Business IDEAS for Creative People
She started thinking of things that could beam energy through the air. The signal in a TV remote was too weak, radio waves were too inefficient, and X-rays were too dangerous. Then she came across a device that could convert physical vibration into energy. If you put it under a train, for example, you could collect the energy the train generated.
Although it wasn't practical to have people gathering near trains to capture their energy, she realized that sound travels through the air by vibration. What if she could use ultrasound, which is invisible and silent, to generate air vibrations and convert them into wireless power? Her physics professors said it was impossible. Some of the world's most respected scientists told her she was wasting her time.
Three years later, I met Perry at a Google event. After landing $750, 000 in seed money from Mark Cuban, Marissa Mayer, and Peter Thiel's Founders Fund, her team had just finished its first functional prototype. It could power devices faster than a wire, at longer distances, and would be ready for consumers in two years. By the end of 2014, her company, uBeam, had accumulated eighteen patents and $10 million in venture funding. Debate continued about how well the product would work, but she had overcome the fundamental barrier to proving the viability of the technology. "Every single person that is now working for the company didn't think it was possible or was extremely skeptical, " Perry said.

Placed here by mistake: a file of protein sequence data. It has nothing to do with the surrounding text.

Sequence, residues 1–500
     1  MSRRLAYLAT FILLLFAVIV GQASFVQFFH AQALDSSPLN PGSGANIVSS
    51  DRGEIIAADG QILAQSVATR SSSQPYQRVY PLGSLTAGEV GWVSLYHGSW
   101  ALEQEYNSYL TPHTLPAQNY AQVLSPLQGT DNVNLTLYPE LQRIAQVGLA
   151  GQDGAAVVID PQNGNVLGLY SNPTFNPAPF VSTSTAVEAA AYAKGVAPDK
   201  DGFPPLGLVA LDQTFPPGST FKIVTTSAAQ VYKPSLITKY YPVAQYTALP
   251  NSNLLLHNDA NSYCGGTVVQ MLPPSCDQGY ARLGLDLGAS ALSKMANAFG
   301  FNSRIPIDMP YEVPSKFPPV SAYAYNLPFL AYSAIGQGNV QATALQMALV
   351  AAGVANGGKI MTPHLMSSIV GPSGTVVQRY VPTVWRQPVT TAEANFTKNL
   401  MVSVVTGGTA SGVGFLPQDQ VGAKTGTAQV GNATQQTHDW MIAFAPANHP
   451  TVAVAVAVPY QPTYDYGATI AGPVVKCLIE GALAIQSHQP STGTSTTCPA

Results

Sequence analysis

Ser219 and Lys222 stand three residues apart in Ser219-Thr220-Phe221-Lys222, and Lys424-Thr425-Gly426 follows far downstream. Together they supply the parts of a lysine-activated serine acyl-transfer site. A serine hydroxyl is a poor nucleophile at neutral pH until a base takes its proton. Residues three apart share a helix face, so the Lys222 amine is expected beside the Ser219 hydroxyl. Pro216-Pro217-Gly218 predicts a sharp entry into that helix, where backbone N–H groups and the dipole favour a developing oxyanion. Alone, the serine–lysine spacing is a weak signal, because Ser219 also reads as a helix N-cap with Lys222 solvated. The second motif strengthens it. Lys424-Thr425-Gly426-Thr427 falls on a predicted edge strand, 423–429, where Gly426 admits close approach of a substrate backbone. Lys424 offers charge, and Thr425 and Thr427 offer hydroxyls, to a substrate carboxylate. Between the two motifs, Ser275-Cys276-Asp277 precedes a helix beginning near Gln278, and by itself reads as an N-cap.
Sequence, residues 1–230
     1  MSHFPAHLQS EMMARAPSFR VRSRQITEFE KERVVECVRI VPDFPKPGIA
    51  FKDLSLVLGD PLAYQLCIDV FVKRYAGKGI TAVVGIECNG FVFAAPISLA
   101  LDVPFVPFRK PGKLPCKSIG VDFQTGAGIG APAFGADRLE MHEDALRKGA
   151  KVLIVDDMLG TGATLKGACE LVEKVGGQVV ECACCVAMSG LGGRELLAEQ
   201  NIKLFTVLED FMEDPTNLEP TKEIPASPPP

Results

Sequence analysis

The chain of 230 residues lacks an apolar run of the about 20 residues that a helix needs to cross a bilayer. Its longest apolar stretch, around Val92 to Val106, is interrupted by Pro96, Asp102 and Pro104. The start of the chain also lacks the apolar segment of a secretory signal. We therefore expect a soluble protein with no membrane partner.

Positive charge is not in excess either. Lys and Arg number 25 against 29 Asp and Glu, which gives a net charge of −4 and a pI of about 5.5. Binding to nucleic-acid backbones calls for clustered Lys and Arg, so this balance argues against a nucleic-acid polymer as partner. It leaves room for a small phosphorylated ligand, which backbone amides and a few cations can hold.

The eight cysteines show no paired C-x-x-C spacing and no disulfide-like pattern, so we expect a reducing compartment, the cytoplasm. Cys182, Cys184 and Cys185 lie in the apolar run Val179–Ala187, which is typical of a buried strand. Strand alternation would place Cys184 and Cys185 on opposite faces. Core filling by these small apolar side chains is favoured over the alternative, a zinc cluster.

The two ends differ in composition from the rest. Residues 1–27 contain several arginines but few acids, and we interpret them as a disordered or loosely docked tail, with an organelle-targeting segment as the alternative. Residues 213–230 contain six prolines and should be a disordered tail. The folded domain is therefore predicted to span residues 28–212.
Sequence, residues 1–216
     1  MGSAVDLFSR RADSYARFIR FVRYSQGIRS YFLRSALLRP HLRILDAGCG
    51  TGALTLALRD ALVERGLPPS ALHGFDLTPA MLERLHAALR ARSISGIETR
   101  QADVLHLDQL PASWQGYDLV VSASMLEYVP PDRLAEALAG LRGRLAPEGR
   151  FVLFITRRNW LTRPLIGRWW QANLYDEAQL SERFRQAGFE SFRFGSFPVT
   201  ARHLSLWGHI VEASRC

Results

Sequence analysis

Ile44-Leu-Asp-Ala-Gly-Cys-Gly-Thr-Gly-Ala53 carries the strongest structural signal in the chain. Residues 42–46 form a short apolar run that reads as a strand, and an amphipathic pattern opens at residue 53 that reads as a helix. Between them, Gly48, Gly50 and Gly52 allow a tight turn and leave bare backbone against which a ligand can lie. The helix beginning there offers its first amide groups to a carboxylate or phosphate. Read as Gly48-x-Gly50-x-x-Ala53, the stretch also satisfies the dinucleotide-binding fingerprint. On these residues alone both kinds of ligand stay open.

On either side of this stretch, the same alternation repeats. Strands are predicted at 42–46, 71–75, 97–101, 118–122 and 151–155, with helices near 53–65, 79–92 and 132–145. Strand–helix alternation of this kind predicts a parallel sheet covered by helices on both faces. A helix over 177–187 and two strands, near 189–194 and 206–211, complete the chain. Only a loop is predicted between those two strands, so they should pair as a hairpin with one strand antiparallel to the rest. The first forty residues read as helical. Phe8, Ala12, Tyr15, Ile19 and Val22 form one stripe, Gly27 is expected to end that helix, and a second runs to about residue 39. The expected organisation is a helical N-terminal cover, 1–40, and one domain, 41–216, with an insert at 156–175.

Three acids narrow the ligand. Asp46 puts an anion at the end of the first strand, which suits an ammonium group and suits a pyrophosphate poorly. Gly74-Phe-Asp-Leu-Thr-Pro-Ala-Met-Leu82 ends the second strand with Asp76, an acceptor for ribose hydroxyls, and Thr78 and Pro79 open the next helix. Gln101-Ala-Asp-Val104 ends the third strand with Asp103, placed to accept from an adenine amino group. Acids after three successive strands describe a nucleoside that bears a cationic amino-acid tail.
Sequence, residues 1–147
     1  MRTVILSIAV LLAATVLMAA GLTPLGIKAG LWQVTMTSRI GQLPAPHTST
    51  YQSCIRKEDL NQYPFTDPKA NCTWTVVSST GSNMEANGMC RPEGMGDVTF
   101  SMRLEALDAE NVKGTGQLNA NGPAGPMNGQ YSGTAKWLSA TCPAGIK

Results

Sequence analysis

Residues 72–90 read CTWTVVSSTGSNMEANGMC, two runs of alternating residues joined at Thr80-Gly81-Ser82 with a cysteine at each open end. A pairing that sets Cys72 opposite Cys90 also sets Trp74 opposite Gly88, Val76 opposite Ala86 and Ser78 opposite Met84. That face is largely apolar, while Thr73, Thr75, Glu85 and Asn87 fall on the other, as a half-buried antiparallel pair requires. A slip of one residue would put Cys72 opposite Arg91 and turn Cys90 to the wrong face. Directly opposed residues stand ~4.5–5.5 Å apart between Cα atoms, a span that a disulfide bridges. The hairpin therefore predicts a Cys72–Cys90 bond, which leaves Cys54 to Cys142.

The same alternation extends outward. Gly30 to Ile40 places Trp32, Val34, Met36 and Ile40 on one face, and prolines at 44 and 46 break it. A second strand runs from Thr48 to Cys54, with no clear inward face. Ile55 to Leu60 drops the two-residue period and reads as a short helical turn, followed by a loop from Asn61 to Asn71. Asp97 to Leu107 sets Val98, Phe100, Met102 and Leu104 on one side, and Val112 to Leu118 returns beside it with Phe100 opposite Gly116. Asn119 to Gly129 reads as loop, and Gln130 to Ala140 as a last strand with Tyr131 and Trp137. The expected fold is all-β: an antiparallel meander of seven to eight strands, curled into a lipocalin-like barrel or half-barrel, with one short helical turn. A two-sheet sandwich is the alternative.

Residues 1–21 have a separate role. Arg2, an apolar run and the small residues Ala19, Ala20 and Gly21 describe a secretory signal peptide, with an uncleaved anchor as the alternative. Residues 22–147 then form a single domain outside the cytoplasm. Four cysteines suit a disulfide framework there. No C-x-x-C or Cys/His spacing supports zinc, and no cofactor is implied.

Meredith Perry faced an extreme version of the struggle we all face in championing original ideas: overcoming skepticism. Her initial efforts fell flat. She reached out to scores of technical experts, who were so quick to point out the flaws in the math and physics that they wouldn't even consider working with her. It probably didn't help that she was offering to hire them as contractors on deferred payment-they might never see a check.
Researchers Debra Meyerson and Maureen Scully have found that to advance new ideas, original thinkers need to become tempered radicals.That means presenting your bold vision in ways that are less shocking and more appealing to mainstream audiences. And it made all the difference for Meredith Perry.